Talk:Exhaustive ballot

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Both of the external links/refs for this article are broken. Does anyone have any others? Ron Duvall (talk) 00:24, 19 February 2008 (UTC)

I fixed the DFL call link that I added, although such a weird name, perhaps no hope it'll stay active. I mainly linked it for an explicit example of elimination rules. Tom Ruen (talk) 00:52, 19 February 2008 (UTC)

"Exhaustive ballot" election[edit]

Copied from Talk:Instant-runoff voting

The article says, "The term 'instant runoff' is used because IRV is said to simulate a series of run-off elections tallied in rounds, as in an exhaustive ballot election." Most of the references I see to "exhaustive ballot" are Wikipedia mirrors, and "exhaustive balloting" brings up mostly references to the circa 1998 Australia constitutional convention, which picked between competing reforms; see . In reference to Australia, it is also mentioned at . It was also used to pick Papua New Guinea's new governor-general: . Exhaustive balloting sometimes refers to the technique described in Robert's Rules (see p. 426-427, where it is described, although it is not termed "exhaustive balloting"). I think sometimes people use it to mean that you had to take a heck of a lot of successive ballots to elect someone. See, for instance, Japan from War to Peace: The Coaldrake Records 1939-1956, page 457, which describes a process that took 28 ballots to elect someone. Supposedly, the leaders of National and Labour in New Zealand are elected by exhaustive balloting; see . See also for some interesting comments on exhaustive balloting.

Ah, here are some good refs: and and . I'll include one of those. Some of these other refs may go the exhaustive ballot article, which only has dead links at present. Ron Duvall (talk) 00:58, 19 February 2008 (UTC)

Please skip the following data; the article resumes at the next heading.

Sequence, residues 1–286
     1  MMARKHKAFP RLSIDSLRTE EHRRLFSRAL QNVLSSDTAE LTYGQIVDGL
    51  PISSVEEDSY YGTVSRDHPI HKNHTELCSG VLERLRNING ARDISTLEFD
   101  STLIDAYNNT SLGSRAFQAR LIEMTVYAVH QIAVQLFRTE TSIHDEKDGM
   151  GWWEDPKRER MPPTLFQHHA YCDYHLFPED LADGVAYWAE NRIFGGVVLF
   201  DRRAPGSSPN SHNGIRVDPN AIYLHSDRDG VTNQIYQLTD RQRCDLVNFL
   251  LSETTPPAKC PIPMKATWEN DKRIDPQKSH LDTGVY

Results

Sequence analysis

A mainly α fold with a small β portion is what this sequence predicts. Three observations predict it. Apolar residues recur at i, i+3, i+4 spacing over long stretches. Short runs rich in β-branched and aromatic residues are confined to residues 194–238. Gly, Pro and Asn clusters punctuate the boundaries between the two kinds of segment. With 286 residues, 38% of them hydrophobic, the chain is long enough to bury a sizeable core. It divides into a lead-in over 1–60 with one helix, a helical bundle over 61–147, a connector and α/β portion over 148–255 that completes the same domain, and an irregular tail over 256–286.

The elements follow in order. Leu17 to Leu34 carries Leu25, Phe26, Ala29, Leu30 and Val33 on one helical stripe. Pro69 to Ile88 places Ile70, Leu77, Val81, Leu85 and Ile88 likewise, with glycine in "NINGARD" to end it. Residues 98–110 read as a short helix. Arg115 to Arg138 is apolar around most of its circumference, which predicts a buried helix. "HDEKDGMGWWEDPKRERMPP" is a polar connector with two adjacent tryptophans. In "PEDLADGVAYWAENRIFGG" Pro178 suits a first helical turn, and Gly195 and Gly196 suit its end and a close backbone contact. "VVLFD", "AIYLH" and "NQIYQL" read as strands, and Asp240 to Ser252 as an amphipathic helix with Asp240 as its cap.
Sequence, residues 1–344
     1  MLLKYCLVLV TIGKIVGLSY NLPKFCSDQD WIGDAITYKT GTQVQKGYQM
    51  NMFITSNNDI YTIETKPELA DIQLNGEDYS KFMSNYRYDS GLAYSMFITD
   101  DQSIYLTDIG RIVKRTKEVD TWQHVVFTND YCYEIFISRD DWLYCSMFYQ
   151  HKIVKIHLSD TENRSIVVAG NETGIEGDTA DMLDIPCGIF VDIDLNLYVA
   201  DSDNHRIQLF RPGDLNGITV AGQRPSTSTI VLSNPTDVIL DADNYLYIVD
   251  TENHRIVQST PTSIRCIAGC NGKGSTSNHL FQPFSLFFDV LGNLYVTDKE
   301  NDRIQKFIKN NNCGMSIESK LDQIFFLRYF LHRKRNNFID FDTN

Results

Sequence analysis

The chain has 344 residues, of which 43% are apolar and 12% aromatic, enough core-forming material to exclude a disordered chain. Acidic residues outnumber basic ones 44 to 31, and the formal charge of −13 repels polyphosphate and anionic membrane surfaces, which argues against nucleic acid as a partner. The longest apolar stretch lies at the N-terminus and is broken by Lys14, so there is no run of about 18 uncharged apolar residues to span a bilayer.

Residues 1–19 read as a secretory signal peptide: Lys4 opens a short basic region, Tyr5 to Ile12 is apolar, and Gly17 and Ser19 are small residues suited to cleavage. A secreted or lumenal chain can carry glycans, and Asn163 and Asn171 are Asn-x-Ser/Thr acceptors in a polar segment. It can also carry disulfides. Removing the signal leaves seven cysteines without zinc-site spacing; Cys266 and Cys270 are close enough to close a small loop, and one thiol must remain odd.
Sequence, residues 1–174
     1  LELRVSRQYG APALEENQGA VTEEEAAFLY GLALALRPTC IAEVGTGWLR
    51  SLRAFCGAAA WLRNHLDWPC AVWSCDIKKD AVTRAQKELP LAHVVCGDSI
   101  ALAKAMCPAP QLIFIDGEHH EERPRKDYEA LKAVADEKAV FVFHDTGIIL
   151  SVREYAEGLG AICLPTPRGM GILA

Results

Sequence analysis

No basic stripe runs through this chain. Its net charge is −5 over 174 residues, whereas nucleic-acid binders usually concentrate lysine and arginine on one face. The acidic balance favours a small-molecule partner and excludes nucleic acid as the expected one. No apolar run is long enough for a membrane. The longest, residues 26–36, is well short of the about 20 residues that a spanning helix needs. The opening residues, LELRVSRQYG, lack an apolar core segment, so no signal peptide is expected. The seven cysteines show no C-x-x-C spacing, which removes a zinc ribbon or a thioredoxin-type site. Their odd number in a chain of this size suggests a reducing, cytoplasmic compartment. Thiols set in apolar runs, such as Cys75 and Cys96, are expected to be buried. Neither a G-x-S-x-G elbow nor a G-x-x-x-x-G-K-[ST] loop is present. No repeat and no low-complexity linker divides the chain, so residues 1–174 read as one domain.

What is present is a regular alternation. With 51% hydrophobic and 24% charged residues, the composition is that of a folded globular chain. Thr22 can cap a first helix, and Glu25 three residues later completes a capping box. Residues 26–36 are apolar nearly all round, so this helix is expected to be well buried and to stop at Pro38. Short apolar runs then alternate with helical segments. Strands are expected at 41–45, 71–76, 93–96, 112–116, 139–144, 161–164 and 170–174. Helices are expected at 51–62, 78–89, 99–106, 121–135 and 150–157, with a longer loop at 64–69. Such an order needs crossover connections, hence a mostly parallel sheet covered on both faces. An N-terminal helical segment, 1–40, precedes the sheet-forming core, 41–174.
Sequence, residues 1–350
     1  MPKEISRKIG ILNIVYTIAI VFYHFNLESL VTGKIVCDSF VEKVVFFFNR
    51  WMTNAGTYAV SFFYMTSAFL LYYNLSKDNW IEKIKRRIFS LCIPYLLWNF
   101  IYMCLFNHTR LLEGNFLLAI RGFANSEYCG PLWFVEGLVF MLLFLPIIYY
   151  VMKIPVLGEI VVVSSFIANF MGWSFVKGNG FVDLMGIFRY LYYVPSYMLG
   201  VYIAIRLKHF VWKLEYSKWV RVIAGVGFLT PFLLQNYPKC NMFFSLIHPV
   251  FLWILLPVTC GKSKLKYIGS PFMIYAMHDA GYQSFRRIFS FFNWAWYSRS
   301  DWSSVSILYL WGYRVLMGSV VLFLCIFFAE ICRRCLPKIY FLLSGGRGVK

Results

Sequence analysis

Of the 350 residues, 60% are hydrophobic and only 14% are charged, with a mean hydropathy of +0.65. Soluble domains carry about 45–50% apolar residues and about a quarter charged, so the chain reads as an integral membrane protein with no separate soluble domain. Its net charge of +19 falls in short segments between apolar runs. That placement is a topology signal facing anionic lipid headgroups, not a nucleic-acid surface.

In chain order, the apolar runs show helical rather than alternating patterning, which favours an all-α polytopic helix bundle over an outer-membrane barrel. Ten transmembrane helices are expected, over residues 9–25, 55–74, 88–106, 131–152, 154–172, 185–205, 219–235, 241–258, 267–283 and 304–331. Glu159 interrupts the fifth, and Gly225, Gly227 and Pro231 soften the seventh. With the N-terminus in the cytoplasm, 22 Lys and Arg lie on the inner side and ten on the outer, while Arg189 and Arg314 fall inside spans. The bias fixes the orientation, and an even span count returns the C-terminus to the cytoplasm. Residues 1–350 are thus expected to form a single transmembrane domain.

I was surprised to see a reference to eliminating candidates at the end of each round. My understanding of exhaustive balloting is that candidates are never eliminated except by the fact people stop voting for them on subsequent ballots. Sometimes they stop because the candidate has conceded and withdrawn from the race, with or without throwing his support to anyone else. Robert's Rules of Order Newly Revised (which simply calls this method "balloting"), specifically advises against eliminating anyone and points to real-world situations where an early-ballot last-place finisher finally ended up with a majority, as a compromise candidate, when the top contenders repeatedly deadlocked. Also, if a candidate is eliminated on each round, no election can take more than n-1 ballots, for n candidates. Jeepien (talk) 20:00, 7 March 2008 (UTC)

A mistake?[edit]

The article now in the end says "In Example II Knoxville wins, the last choice of both Nashville and Memphis supporters." But obviously Knoxville is not the last choice of the Nashville supporters, as Memphis would then have won in the last round. Or have I completely misunderstood the concept? Fomalhaut76 (talk) 19:04, 18 October 2010 (UTC)

Reverse gender? Tactical Voting says "she" not "he or she"[edit]

Usually the male is the default. This is something new? — Preceding unsigned comment added by (talk) 15:48, 29 December 2014 (UTC)